by Judith Bergman
Israel owes no one any explanations for defending itself against those who wish to destroy it.
Israel always plays nice. For decades, we have been allowing those who demonize and delegitimize Israel to cross our borders and do their dirty work against us on our own soil.
The Palestinian village of Bil'in has become one very real symbol of this kind of "activist tourism," where anti-Israel foreign activists gather to provoke fights with the Israel Defense Forces in order to gain propaganda footage for the international media.
The reasoning behind Israel's welcoming policy is that we are a democracy, and we will allow even those who wish us nothing but harm to benefit from our democratic policies. But the real reason is more likely a fear of the international backlash that denying entry to Israel-haters would elicit. Whatever the case may be, the policy has always been a big mistake. As a sovereign nation, Israel should be free to turn anyone it wishes away at the border.
However, the policy finally appears to have been put to rest, at least as far as the boycott, divestment, and sanctions movement is concerned. On Sunday, Israel's Interior and Public Security ministers declared that they planned to establish a taskforce aimed at expelling BDS supporters and preventing their entry into Israel. According to the press release, dozens of organizations inside Israel are actively collecting information to promote boycotts and international isolation. The new taskforce will be responsible for identifying such efforts and combating them.
Much like the NGO law, which is compelling NGOs to divulge any foreign funding, this effort is likely to outrage the usual suspects in the international media and NGO community. Israel's answer to this should be a polite "mind your own business." Israel owes no one any explanations for defending itself against those who wish to destroy it. As Public Security Minister Gilad Erdan said: "We must not allow boycott activists to enter Israel. This is a necessary step given the maliciousness of these delegitimizing activists who work to spread lies and to distort the reality of our region."
This is a logical and natural move, and it should have been implemented as soon as the BDS movement surfaced. We have bent over backward so far to accommodate the so-called international community and its "concerns" that frankly our backs are about to break.
We should also expect an outcry from the European Union and several of its individual member states. Many of the organizations that promote BDS are sponsored to a lesser or greater degree by the EU, one or more of its member states (particularly Germany and the Scandinavian countries), or both, bringing into serious question whether these organizations are truly non-governmental in the first place.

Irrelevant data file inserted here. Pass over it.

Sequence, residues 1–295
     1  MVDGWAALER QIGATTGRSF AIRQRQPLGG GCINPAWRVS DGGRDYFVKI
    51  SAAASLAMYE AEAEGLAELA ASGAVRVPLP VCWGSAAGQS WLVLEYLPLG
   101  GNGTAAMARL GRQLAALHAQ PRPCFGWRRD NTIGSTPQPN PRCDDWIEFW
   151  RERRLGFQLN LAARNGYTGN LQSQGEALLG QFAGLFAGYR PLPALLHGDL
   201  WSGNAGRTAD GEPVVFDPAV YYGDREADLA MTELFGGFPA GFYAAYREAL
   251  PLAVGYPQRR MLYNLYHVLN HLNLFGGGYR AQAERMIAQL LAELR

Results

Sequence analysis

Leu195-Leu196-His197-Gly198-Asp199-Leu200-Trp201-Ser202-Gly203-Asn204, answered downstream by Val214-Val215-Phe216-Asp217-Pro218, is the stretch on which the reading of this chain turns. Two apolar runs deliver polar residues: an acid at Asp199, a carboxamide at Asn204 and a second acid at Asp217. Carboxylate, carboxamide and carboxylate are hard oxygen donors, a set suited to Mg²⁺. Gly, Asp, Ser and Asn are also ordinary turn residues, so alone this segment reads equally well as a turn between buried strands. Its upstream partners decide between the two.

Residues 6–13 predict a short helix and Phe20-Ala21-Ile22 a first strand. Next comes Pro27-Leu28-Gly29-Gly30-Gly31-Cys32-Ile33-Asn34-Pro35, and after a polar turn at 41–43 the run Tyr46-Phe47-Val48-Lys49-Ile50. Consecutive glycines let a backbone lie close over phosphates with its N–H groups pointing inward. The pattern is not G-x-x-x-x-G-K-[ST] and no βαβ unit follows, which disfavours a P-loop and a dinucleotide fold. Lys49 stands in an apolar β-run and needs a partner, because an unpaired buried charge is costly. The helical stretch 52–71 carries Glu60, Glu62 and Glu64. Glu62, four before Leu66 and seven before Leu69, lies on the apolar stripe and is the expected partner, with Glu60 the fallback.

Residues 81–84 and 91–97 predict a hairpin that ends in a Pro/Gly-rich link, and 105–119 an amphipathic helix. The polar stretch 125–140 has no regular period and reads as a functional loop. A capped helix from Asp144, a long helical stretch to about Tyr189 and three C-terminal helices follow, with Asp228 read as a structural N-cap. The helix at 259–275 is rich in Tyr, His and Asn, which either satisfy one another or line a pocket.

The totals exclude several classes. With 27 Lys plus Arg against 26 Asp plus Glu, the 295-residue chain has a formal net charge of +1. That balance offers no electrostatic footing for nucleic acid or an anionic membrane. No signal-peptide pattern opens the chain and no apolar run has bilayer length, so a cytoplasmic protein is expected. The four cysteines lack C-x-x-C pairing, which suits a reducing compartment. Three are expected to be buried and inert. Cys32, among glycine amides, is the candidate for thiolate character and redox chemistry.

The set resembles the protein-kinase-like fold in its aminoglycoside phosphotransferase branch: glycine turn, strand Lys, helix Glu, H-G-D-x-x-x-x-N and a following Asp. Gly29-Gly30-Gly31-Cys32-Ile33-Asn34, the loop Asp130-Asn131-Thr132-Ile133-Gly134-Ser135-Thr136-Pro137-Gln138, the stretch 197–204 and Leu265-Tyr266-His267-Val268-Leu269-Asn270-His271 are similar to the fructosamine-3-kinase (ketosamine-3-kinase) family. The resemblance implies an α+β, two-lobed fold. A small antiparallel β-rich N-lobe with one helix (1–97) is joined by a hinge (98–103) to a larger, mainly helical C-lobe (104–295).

It will doubtless be embarrassing for the EU to see its activists expelled and returned home. And rest assured: Those who will scream the loudest will be those who wished most fervently for the destruction of Israel. Thus, the new policy is likely to have the welcome side effect of outing those European nations that have truly been working against us by funding organizations that are deeply hostile toward Israel.
The presence of foreign, hostile activists operating on Israeli soil collecting information to use against us in the international arena is not only unique to Israel (show me one other country where such operations are systematically put into place with substantial financial backing from foreign governments), but also an embarrassing disgrace for these foreign, mainly European, governments, that are betraying their obligations under international law to engage with Israel only through diplomatic and legal channels.
Israel must demand a clear answer as to why these supposedly friendly nations support anti-Israel efforts. Is it customary for countries that cooperate and enjoy full diplomatic relations to engage in hostile activities against each other behind each other's backs? The question is simple and has an even simpler answer.
Judith Bergman is a writer and political analyst living in Israel.
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